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Markel Tax

19 Apr 2021

What can we learn from Kaye Adams’ IR35 victory?

Although it came as no surprise that HMRC appealed the First Tier Tribunal Decision in Atholl House, we were pleased to see that HMRC did not succeed.

Kaye Adams provided services to the BBC via her personal service company, Atholl House Productions Limited (AHP) where she presented the Kaye Adams Show.

In 2019, it was concluded by the First Tier Tribunal (“FTT”) that AHPs engagement with the BBC did not fall within the scope of IR35, even though the following facts were established:

  • A genuine right of substitution did not exist.

  • There was sufficient mutuality of obligations to satisfy the first heading identified in Ready Mix Concrete.

  • The BBC exercised a “light touch” in respect of editorial control which in turn demonstrated that the right of control clearly existed, irrespective as to whether the BBC exercised it or not.  

It was concluded by the FTT that one should not apply a checklist but give “consideration of the overall picture which emerges from the accumulated detail”.  Accordingly, significant weight was placed on the fact Kaye Adams had been a freelance journalist for 20 years, was not dependant exclusively on the BBC and was simply carrying on her profession as an independent provider of services.  Unsurprisingly, HMRC appealed this decision, focussing mainly on the argument that the FTT rendered a “perverse judgement”.

While the Upper Tier Tribunal (UTT) did find favour with HMRC’s submission that the FTT did not follow the correct approach, nevertheless the UTT held that HMRC’s overall appeal should be dismissed, and once more found in favour of Kaye Adams.

The Upper Tier Tribunal (”UTT”) went to great lengths to explain what should be considered when forming a hypothetical contract and drew a clear distinction from the Autoclenz decision to conclude that while the FTT erred in its approach on the application of Autoclenz, written contracts must always be given significant weight. While the UTT accepted the BBC contract was a standard contract, it concluded that how the parties conducted themselves may ultimately include additional terms and conditions that need to be considered.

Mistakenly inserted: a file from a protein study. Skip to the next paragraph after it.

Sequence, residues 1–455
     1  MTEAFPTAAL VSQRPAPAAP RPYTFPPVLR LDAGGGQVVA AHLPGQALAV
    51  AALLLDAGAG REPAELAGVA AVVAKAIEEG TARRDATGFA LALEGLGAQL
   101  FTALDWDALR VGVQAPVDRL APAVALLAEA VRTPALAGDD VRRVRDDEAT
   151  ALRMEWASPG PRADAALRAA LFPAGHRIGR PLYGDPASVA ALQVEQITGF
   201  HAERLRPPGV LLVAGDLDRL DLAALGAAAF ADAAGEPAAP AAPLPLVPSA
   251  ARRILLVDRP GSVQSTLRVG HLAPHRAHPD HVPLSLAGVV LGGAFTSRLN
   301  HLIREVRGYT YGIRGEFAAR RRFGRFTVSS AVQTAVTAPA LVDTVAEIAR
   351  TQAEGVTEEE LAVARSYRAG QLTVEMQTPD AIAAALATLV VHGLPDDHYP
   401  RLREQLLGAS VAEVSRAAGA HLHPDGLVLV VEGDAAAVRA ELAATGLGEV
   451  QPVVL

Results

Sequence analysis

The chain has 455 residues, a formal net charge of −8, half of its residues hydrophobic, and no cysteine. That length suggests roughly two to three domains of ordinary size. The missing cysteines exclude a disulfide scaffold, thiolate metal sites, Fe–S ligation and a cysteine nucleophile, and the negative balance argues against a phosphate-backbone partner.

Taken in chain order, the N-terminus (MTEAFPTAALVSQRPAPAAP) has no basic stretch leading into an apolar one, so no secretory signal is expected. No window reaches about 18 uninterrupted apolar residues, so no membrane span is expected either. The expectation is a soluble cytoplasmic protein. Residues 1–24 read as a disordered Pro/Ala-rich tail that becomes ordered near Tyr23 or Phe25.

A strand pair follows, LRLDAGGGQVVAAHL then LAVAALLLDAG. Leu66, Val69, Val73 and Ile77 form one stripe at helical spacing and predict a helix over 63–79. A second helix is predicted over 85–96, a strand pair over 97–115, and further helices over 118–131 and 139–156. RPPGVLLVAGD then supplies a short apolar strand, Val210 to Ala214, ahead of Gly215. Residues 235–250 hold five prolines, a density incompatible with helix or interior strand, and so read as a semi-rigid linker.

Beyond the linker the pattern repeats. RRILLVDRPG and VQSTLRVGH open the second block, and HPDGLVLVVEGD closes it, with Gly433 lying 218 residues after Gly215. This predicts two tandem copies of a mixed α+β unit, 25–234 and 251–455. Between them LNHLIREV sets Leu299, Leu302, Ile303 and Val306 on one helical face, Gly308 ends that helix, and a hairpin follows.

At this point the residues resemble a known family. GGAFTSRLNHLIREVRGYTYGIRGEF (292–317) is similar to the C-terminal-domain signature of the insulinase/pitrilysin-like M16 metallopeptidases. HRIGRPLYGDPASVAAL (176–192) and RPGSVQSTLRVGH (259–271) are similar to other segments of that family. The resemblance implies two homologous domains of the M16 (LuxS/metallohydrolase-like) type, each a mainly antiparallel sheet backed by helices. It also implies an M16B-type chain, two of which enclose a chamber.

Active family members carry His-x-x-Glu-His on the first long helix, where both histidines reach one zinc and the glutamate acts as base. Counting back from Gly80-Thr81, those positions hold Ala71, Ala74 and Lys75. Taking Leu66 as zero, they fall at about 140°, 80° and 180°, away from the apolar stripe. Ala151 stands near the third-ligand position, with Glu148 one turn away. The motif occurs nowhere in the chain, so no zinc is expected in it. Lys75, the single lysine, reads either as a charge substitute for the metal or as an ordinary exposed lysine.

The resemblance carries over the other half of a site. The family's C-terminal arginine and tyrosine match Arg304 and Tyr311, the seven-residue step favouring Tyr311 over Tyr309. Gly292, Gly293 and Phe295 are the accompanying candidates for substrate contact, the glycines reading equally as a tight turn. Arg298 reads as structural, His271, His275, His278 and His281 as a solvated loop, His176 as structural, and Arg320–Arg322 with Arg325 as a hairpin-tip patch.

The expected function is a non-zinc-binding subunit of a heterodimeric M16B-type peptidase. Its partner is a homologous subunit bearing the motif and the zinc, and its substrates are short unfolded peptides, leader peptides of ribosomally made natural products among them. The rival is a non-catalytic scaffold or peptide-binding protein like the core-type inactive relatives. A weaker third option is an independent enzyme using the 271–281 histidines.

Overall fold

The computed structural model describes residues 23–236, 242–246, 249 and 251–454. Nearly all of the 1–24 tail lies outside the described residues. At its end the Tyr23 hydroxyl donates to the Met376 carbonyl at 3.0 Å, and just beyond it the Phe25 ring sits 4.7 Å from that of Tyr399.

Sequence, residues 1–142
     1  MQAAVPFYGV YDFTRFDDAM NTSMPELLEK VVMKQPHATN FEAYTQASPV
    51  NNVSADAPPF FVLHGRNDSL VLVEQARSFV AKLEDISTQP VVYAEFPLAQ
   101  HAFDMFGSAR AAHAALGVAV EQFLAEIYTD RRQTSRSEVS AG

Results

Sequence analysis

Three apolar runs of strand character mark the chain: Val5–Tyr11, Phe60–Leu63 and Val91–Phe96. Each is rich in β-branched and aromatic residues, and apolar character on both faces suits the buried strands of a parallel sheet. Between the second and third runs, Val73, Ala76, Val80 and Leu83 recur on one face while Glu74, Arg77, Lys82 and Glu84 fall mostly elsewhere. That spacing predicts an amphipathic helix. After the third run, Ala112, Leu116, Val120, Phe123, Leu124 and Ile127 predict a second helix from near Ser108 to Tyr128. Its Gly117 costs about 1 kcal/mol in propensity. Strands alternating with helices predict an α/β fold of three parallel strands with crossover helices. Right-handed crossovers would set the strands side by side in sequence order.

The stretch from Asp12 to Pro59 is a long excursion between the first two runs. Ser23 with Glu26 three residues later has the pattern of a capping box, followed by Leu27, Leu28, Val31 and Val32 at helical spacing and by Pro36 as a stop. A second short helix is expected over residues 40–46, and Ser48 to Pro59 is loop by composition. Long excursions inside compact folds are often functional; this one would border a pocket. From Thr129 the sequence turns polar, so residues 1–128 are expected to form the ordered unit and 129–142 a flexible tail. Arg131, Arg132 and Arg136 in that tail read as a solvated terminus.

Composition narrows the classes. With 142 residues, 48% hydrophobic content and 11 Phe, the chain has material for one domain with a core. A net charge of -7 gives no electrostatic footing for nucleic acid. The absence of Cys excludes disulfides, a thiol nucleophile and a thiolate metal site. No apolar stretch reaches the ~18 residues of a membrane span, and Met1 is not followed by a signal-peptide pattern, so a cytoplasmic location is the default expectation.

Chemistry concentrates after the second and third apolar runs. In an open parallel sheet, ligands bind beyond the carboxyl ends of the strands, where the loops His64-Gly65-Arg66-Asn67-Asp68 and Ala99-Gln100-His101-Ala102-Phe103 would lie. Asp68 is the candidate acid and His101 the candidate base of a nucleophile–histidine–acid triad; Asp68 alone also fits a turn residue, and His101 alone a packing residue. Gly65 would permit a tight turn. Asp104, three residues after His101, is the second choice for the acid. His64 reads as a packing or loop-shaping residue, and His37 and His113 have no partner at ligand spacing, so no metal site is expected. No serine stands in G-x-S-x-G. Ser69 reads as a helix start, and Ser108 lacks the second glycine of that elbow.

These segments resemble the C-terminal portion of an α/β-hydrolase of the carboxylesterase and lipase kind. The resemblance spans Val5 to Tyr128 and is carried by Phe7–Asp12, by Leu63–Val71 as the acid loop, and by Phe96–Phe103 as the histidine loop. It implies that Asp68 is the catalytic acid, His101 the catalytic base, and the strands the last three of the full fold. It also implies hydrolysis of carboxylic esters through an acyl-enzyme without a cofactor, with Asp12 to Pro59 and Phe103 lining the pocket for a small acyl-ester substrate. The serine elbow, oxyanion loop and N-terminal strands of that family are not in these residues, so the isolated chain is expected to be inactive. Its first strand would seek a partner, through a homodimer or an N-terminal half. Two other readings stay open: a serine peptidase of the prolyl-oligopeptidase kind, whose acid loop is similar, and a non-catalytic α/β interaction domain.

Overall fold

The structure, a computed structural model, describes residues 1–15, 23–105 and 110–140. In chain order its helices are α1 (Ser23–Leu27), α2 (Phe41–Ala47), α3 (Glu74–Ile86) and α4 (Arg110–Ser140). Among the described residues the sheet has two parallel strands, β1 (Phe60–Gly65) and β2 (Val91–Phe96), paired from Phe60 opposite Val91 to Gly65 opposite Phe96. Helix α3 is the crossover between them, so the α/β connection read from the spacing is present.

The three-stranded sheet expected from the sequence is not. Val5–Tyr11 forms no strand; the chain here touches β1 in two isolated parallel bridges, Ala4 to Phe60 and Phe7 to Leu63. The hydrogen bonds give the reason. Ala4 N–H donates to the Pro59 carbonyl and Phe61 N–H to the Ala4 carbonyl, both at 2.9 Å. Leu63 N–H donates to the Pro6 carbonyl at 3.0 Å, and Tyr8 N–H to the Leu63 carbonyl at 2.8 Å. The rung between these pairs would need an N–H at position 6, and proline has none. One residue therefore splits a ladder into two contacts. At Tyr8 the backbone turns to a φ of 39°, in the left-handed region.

Substantial emphasis was also placed on the third test of ‘Ready Mix Concrete’ 1968 by the UT and as such they agreed with the FTT’s conclusion that Kaye Adams was clearly no way financially reliant on the BBC and accordingly, AHP was in fact in business on its own account and as such the hypothetical contract between the parties was a contract for services.

So what can we learn from this case?

If anything, we can learn that contracts are still KEY and form the basis of any decision - they cannot simply be set aside.  At Markel Tax, we advise that contracts are carefully reviewed to ensure they accurately reflect the working practices, and indeed this case would have benefitted from clearer, robust, contracts which mirrored what happens in practice.

This case also firmly places the three tests laid out in ‘Ready Mixed Concrete’ 1968 at the forefront of any determination. The Tribunal were clear that these tests remain the fundamental precedent for determining IR35.

While the commentary of this case provides a refreshing reminder of what must be considered for IR35, the case itself may be of limited applicability to the typical contractual arrangements outside of the broadcasting industry. We would certainly not advise any company to place sole reliance on in business factors.

Speak to our team today

We have been advising and defending clients against IR35 challenges since the introduction of the legislation 20 years ago. We offer a complete package of due diligence services to ensure you are well prepared and protected.

Markel Tax’s FeePayer Protect insurance is specifically designed to defend against an HMRC enquiry and even the potential tax losses where you are also the fee payer. What’s more, we are able to provide you with contract reviews including the whole supply chain from end-client through agency to the contractor, support in drafting an SDS, as well as training and on-going support from our tax experts.

Speak to our team today to find out how we can help you protect yourself against IR35 risks. Call 0333 920 1589 or request a call-back.

Tagged IR35 Construction
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What can a contractor do if they don't receive a status determination statement?